C&C Energia does right thing – but did Colombia?

When C&C Energia discovered that their oil exploration block contained ecological preserves, they gave it back to the government and got out of their commitments to drill the lots. This seems to me like exactly what an oil company should do. The market hasn’t been treating C&C very kindly ever since a May 30 press release. But the real issue here seems to be the government of Colombia. What were they thinking, auctioning off an oil exploration block when, in C&C’s words, “several National Ecological Reserves were identified within the block boundaries.”

Note that this site previously covered something vaguely similar. Now, I don’t know, maybe C&C isn’t giving us the whole story. But if they are — wouldn’t it save everyone time and heartache if countries did biological inventories and mapped their protected areas and endangered species before inviting in the oil drills?

One thought on “C&C Energia does right thing – but did Colombia?

  1. westslope

    “But if they are — wouldn’t it save everyone time and heartache if countries did biological inventories and mapped their protected areas and endangered species before inviting in the oil drills?”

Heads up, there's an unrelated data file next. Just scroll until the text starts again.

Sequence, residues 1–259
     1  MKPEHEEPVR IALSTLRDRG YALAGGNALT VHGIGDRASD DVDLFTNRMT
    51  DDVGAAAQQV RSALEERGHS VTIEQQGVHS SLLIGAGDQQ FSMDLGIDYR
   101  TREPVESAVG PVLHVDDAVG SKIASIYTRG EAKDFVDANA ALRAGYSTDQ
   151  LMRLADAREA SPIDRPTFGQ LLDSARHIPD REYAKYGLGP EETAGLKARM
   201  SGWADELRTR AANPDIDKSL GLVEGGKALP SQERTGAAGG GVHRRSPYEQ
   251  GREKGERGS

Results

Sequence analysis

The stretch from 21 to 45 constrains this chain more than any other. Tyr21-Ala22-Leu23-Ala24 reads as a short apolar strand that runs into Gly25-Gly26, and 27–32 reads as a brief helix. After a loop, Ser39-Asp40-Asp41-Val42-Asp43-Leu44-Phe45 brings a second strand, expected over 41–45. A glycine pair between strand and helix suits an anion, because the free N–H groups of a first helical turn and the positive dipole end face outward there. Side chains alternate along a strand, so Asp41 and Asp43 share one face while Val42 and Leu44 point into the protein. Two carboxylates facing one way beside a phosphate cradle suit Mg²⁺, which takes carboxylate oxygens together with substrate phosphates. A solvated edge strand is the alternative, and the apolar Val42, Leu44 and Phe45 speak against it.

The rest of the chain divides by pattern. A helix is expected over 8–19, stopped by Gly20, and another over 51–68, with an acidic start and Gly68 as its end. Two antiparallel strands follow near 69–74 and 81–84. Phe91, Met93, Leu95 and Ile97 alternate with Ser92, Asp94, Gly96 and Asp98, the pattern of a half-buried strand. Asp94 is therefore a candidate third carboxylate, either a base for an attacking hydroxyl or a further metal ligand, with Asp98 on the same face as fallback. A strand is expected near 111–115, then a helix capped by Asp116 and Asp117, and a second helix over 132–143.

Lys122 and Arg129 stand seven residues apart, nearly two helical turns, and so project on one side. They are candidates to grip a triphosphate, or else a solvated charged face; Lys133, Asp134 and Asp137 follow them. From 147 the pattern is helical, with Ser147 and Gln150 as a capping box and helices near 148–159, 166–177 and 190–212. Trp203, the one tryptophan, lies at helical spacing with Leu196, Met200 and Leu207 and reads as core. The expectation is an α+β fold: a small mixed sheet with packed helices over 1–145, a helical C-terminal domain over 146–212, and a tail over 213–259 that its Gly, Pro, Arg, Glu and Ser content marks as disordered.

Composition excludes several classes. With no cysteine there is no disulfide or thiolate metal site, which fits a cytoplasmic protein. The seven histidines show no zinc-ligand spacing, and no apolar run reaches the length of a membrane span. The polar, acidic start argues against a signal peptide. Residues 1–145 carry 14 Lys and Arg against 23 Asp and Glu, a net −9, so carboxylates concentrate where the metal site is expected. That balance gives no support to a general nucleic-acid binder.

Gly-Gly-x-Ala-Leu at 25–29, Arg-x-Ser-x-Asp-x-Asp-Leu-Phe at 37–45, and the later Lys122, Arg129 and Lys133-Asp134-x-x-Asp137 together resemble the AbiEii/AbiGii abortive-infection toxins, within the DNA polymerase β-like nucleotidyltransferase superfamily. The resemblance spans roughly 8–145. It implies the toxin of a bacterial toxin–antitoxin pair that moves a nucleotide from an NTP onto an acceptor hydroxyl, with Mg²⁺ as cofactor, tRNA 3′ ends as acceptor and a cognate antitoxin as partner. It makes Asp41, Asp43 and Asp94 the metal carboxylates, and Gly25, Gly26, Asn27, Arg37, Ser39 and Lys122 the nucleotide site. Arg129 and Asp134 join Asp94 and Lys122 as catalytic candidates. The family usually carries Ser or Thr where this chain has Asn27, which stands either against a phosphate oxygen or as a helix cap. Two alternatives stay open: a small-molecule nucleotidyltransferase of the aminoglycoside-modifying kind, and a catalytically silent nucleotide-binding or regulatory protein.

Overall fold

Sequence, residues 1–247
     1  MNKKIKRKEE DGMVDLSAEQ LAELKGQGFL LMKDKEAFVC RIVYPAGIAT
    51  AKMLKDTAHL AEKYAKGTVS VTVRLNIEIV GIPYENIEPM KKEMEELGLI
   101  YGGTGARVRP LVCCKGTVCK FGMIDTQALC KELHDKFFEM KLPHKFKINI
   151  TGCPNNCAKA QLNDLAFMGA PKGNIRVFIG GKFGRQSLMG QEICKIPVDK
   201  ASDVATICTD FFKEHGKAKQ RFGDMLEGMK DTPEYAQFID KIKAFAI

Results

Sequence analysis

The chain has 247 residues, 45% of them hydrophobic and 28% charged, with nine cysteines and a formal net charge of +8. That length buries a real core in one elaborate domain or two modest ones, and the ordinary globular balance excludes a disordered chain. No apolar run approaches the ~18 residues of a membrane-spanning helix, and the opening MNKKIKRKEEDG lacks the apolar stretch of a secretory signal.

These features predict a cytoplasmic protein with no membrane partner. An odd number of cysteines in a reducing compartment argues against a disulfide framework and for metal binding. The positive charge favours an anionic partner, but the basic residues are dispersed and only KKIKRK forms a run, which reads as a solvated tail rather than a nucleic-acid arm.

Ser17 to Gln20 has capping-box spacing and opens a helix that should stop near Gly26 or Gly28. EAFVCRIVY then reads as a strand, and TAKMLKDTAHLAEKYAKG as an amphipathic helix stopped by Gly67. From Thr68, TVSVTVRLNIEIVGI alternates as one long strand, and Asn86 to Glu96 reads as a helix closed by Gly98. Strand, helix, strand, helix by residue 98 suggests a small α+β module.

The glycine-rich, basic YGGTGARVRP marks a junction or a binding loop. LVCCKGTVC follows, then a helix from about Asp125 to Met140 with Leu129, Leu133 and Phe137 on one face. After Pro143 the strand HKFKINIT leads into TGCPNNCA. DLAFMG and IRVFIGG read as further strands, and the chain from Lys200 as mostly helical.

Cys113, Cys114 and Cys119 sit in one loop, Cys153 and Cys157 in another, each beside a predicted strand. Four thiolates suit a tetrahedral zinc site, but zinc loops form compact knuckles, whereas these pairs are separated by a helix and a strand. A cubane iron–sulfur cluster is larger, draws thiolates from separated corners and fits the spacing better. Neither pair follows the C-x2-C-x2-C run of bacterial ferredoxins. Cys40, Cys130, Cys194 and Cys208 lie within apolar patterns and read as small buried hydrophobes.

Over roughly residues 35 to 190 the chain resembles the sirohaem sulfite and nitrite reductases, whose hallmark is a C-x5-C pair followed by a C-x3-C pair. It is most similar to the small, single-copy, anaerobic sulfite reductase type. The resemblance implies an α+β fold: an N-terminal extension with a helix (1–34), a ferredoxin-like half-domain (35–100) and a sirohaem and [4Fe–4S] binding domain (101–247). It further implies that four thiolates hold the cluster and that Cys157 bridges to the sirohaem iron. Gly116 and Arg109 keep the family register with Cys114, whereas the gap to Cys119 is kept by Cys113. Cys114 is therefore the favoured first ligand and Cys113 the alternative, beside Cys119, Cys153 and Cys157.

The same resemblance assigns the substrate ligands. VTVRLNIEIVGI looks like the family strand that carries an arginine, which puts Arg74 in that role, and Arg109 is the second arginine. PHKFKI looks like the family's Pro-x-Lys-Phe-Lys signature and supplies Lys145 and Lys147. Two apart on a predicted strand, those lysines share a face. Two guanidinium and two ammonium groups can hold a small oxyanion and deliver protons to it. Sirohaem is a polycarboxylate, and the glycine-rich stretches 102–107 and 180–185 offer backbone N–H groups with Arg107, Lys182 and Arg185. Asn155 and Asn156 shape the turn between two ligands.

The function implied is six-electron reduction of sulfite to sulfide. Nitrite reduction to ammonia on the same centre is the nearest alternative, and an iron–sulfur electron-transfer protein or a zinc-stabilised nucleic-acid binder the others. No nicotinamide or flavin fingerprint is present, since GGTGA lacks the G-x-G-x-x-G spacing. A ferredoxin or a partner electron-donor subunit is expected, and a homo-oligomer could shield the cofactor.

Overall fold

Yes, if money, like eternally abundant fish, fell from the skies. Multinational resource companies, particularly mining companies are often the first to inventory flora and fauna in their project areas. These companies deploy private capital long before revenues ever show up. Colombia could barely finance inadequate police forces and an army a few years ago, let alone undertake a mega-project wildlife inventory exercise.

    Now we could turn this into the usual evil versus good debate, and ask the following painful questions:

    Why are ordinary people so disrespectful of flora and fauna, habitat and watersheds? Should we purge ordinary people from the land because they have historically been such bad stewards? Or do ordinary folks have an entitlement to destroy habitat?

    Perhaps we should socially gang-press wildlife biologists into working for the same wages as illiterate farm workers? We could follow the example of the Republic of South Africa that has righteously forced out many doctors from the country. This mega-project inventory exercise might work if the biologists would accept US$50/month.

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